SCRANTON – Head Start programs in 11 states have been forced to close because of the government shutdown, but none in northeastern and central Pennsylvania just yet.
Head Start programs that have a fiscal year beginning in October were the first affected by this government shutdown. More than 20 programs in 11 states are closed so far.
It was another day of learning ABCs, shapes, and colors at South Scranton II Head Start. The doors are open during the government shutdown.
“We’re teaching them the letters, the numbers, shapes, colors, but we’re also teaching them social skills, emotional skills, how to deal with different emotions that they’re feeling, said South Scranton II Head Start teacher Sarah Owens.
But several Head Starts in 11 different states aren’t as lucky. They are closed because their fiscal year began October 1 and they have no money to operate.
The Lackawanna Human Development Agency’s executive director says other shutdowns could happen.
“There’s no national staff, so they may decide over a period of time that without those supports in place that it’s best just to close everything,” said Scranton Lackawanna Human Development Agency Executive Director Sam Ceccacci.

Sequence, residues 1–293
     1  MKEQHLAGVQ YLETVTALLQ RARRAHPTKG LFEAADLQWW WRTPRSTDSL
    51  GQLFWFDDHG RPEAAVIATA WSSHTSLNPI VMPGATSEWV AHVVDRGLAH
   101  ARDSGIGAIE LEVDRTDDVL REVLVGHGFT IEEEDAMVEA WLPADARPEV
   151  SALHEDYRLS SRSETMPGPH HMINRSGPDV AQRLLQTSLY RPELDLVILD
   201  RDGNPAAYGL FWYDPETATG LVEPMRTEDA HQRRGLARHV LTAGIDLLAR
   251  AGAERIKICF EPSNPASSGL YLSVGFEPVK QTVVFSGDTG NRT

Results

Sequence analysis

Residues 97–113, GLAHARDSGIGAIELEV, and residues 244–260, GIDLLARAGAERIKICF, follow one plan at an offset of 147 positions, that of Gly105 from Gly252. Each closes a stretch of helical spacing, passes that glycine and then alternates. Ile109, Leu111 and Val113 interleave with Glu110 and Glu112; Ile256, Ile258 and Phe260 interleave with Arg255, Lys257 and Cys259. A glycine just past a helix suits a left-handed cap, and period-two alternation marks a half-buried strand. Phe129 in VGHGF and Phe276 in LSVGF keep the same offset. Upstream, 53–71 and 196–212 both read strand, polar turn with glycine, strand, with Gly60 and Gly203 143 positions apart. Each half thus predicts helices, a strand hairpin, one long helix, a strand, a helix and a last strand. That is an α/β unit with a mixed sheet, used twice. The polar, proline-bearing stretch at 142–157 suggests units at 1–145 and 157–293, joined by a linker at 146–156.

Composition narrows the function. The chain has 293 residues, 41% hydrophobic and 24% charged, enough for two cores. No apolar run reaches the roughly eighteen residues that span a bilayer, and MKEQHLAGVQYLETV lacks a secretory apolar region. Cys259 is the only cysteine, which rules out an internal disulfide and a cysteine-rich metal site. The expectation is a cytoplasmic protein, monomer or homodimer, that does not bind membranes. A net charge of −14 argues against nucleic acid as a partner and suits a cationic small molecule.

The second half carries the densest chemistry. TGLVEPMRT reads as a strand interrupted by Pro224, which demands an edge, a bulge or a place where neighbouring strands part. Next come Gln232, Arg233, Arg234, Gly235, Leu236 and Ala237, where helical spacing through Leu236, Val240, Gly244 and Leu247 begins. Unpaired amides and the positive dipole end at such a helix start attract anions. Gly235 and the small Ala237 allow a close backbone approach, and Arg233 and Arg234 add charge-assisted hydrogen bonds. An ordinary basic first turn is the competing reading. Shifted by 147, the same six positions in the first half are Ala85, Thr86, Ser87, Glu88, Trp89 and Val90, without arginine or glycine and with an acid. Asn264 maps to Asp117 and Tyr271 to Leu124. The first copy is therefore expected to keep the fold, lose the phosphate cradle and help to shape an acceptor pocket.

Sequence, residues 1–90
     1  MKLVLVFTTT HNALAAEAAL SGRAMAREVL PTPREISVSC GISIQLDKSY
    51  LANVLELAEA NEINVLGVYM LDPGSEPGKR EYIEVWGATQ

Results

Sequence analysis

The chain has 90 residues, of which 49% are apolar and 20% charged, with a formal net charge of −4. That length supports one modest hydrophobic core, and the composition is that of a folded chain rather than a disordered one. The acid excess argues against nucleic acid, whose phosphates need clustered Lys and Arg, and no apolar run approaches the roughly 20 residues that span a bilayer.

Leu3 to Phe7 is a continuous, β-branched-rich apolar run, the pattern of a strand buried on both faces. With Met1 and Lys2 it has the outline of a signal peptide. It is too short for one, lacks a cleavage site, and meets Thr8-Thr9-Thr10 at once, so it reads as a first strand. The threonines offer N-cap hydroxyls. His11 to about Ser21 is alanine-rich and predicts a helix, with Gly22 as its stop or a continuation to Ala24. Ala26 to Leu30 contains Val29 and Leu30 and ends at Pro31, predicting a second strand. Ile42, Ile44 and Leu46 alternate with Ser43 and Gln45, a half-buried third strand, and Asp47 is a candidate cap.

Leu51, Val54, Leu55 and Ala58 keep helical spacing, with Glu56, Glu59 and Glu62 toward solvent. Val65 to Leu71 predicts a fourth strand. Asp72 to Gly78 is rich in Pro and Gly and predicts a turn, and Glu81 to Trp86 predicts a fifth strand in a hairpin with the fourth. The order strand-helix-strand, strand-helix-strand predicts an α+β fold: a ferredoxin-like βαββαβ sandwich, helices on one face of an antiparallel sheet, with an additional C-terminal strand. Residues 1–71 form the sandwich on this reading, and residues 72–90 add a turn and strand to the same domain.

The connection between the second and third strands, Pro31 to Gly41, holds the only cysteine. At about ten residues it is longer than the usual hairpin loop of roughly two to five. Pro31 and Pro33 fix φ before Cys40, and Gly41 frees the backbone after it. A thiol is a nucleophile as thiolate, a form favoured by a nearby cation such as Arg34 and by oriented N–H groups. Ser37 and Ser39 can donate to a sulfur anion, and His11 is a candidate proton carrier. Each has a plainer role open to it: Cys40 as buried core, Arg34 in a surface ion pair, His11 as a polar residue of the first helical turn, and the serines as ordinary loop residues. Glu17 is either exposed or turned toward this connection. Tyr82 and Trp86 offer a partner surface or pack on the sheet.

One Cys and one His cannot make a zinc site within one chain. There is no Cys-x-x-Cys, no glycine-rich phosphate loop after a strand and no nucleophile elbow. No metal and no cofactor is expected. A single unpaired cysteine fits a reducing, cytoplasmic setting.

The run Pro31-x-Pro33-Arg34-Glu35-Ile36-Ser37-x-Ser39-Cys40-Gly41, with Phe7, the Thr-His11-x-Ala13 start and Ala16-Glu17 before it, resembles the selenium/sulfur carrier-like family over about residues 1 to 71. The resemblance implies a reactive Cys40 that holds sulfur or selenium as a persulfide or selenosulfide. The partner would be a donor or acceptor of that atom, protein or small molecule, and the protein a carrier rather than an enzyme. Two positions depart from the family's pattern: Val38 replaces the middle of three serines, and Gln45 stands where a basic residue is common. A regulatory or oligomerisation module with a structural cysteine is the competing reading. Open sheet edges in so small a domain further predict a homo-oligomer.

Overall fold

Many believe the government shutdown is hurting morale.
“It’s very frustrating because they’re not here in the center really seeing how it’s affecting the children and the families and us as staff,” said Owens.
But this government shutdown doesn’t just have teachers at South Side Head Start in Scranton nervous, it also has many parents across northeastern Pennsylvania worried about what may happen.
Scranton mother Alicia Grajales can work now that her son is at Head Start, but says if the program closed, it would be devastating to her.
“If it wasn’t here then I probably would be in a real big hole because I wouldn’t be able to work and I wouldn’t be able to get things done and he’d be with me all the time,” said Grajales.
Saint Alvarez is a sheet metal worker in Scranton and says a shutdown would hurt his family as well.
“It’s going to be harder, with the kids, finding babysitters, day cares. A lot of people can’t do it,” said Alvarez.
But for now, school is still in session.
There are about 175 workers in Head Start programs across Pike, Wayne, Susquehanna, and Lackawanna Counties, all of whom are anxiously waiting for the government to get back on track.